Housing Market Predictions for the Year Change

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A strong jobs market and the Federal Reserve’s signal that it is likely to hold rates but cut at some point during the year sets up a potentially positive trajectory for the housing market over the coming months.

Last week, the Federal Reserve held rates for the fourth time in a row at 5.25 to 5.5 percent. The environment of elevated rates instituted to fight soaring inflation has pushed up borrowing costs across the economy, including for homes.

Inflation has fallen but not quite to the Fed’s target of 2 percent. The personal expenditure index (PCE) inflation metric, what central bank policymakers look at to track how prices are unfolding, was unchanged from November but jumped 2.6 percent in December on a year-over-year basis.

Fed Chair Jerome Powell told reporters last week that the central bank was seeing progress with inflation but was not yet confident enough about hitting the preferred target to cut rates immediately.

A “for sale” sign hangs in front of a home on June 21, 2022, in Miami, Florida. A strong jobs market and the Federal Reserve’s signal that it is likely to hold rates but cut…


Joe Raedle/Getty Images

The decision to hold rates will impact mortgage rates, experts said, even as mortgage rates have been declining at a faster rate than expected.

Danielle Hale, chief economist at Realtor.com, told Newsweek that they had expected interest rates on home loans to hit 6.5 percent by the end of the year. But that has happened a lot quicker than anticipated.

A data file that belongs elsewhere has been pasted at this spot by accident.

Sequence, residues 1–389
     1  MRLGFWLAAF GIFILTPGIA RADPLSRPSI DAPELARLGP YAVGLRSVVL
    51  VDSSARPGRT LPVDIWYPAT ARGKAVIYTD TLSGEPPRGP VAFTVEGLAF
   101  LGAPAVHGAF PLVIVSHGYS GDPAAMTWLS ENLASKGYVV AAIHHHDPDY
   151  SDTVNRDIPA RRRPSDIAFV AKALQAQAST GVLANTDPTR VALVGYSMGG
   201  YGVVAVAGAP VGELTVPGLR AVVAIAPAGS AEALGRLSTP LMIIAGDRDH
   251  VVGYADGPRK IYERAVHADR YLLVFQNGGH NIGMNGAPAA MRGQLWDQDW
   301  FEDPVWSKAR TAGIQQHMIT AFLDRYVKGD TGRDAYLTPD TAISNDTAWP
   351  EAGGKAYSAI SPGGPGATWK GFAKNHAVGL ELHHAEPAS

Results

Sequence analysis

“Rates have come down a lot faster than we expected, but I I think they’re going to stabilize here until the Fed begins cutting rates and gives an indication of how quickly they might bring the Fed funds rate back down to a neutral level,” Hale said.

Meanwhile, Friday’s blockbuster jobs report that showed employers hired more than 350,000 workers in January and wages had gone up held potential upside for the housing market, too.

“Job growth puts money in workers’ pockets that they can use for doing things like buying houses,” Hale said.”People with jobs are the ones who are thinking about buying houses.”

The key to falling rates could be how inflation shakes out over the coming months. While PCE was has been showing progress, the Consumer Price Index (CPI) inflation rate ticked up slightly in December to 3.4 percent compared to 3.1 percent in November. This explains why the Fed is still holding rates, which in turn keeps mortgage rates higher, as well.

“The key to further progress toward lower mortgage rates, which is the key to making sure that the Fed has the confidence that it needs to actually cut rates, is going to be ongoing improvement in the inflation data,” Hale said.

“The Fed is is going to wait to make sure that we’re not just projecting that we’re going to get back to the goal, but we’re actually seeing the data evolve in a way that makes it reasonable to expect that we’re going to get back to the 2 percent inflation goal.”